A computer program ranking the check-worthiness of claims made by politicians continues its advancement this election season. Check-worthiness describes whether or not a claim should be fact-checked.
The Claimbuster program provides users with new features, like testing the check-worthiness of statements in text entries, and it now includes information from both parliamentary meetings and presidential debates.
What it is
Claimbuster scores statements on a scale from zero to one. The lower something is scored, the less check-worthy it’s considered. If a sentence is deemed more check-worthy, it’s ranked at a higher number.
The Claimbuster team took transcripts from presidential debates beginning with John F. Kennedy versus Richard Nixon, and went sentence by sentence, ranking if there was an important, unimportant or no factual claim.
All the information was introduced into and examined by the program, said Mark Tremayne, co-principle investigator and communication assistant professor.
The computer then learns what a sentence that expresses a factual claim looks like, Tremayne said, a process called 'machine learning.'
There’s been a pretty strong correlation between claims Claimbuster scores higher and those fact checked by PolitiFact or CNN, Tremayne said. Claims scored low by Claimbuster are rarely selected by professional news organizations themselves.
“This is a tool that journalists could use or other people could use to help them in their fact-checking,” he said. “It can basically give you, in rank order, the sentences you want to look at.”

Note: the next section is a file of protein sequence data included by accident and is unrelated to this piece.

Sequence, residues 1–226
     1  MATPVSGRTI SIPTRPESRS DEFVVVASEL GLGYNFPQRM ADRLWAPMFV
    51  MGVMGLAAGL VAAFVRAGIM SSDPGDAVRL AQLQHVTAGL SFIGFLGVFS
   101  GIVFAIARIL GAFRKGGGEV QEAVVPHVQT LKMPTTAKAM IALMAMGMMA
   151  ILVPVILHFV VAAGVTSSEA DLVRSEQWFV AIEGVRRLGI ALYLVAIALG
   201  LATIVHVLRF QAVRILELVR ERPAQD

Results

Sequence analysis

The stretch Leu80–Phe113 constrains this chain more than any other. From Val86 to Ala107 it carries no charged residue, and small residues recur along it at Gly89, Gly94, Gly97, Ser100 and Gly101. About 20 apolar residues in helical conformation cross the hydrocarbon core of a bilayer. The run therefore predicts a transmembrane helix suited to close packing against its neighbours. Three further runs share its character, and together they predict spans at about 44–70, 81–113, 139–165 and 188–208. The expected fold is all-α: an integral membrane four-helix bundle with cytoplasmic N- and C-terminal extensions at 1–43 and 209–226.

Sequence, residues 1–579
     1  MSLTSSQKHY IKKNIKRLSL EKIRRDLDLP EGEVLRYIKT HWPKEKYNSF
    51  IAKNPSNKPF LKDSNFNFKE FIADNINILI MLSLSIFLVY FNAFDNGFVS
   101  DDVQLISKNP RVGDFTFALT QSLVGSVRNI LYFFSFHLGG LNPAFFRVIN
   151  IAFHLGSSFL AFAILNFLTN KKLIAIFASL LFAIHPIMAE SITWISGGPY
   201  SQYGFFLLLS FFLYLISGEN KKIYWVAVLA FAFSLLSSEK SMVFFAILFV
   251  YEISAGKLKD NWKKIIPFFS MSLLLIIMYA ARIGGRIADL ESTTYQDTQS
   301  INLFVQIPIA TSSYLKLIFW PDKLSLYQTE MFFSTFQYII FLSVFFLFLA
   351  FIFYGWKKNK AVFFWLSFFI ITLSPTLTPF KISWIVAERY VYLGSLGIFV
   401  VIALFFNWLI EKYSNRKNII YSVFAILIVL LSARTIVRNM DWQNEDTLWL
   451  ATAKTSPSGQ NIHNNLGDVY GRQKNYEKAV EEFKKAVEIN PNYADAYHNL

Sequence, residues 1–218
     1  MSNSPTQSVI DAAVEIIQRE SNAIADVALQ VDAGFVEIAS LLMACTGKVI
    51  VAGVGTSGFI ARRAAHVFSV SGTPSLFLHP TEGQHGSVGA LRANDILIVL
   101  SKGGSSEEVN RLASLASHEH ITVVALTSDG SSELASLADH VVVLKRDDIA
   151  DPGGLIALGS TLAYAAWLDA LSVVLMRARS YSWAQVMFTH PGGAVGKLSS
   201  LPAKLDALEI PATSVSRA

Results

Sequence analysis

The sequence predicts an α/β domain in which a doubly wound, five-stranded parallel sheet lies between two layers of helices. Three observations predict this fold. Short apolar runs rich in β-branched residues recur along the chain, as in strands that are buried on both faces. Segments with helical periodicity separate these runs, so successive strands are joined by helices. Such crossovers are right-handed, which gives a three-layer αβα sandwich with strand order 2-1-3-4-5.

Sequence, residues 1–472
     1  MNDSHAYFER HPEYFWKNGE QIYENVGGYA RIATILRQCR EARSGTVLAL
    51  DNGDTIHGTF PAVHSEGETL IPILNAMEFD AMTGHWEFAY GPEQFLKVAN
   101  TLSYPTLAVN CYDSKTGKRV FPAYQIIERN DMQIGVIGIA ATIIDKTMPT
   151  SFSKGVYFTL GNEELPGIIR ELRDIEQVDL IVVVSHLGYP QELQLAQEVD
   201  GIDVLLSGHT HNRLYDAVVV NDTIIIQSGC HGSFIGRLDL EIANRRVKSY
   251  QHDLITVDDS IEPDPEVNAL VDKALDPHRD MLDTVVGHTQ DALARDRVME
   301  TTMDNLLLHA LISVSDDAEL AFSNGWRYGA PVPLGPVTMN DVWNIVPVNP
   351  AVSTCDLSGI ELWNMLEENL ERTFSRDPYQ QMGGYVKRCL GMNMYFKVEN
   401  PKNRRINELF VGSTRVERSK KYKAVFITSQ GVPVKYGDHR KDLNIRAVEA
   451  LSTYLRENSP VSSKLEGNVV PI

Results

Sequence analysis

Claimbuster has been ranking claims made at the recent presidential debates live, Tremayne said. Chengkai Li, principle investigator and computer science and engineering associate professor, took a converter box designed to translate broadcast signals into closed captions and connected it to the computer to assist with the process.
It’s a bit choppy, he said, but it gives better results than expected.
“As the debate’s going, we’ve got sentences popping up on our screen,” Tremayne said.
Claimbuster has also been ranking the claims of the Parliament of Australia. The website has record of meetings since Feb. 2 of this year, broken down by topics discussed.
Users can also insert any type of text or Tweets to Claimbuster’s website, which then ranks on the check-worthiness of the information.
The next step
The next step is actually fact-checking the claims, Tremayne said.
One idea is coming up with a database consisting of old fact checks that have already been verified that the program could pull from and use, he said.
Alexios Mantzarlis, director of the International Fact-Checking Network at The Poynter Institute, said he doesn’t think automated fact-checking will ever be 100 percent automated, but with the speed of social media, it needs to get quicker.
Automatic tools are going to impact journalism and different job fields in the future, Tremayne said.
Fact-checking in the presidential election
Political science senior Stephen Perkins said he attributes a greater interest in fact-checking to the two current presidential candidates, Republican nominee Donald Trump and Democratic nominee Hillary Clinton.
People tend to trust these two candidates less than past candidates, he said.
Mantzarlis said interest in fact-checking rose in the 2008, 2012 and 2016 elections. This year is heightened in part because of the candidates. One’s been brazen, he said, while the other has been more guarded.
The media and fact-checking
The interest in fact-checking has risen over time. Tremayne said journalism in the '80s and '90s was more “he said, she said," and less interested in getting to the truth. PolitiFact, an online initiative which researches the truthfulness of statements, served as a trailblazer for fact-checking organizations, he said.
The internet has played a part in the evolution of fact-checking, Tremayne said. Information is easier to access now through search engines like Google.
The media has a dangerous task, Tremayne said. When people select claims to fact-check, there’s potential for others to call bias. The benefit of having software that flags claims from both candidates is that it could eliminate that potential, he said.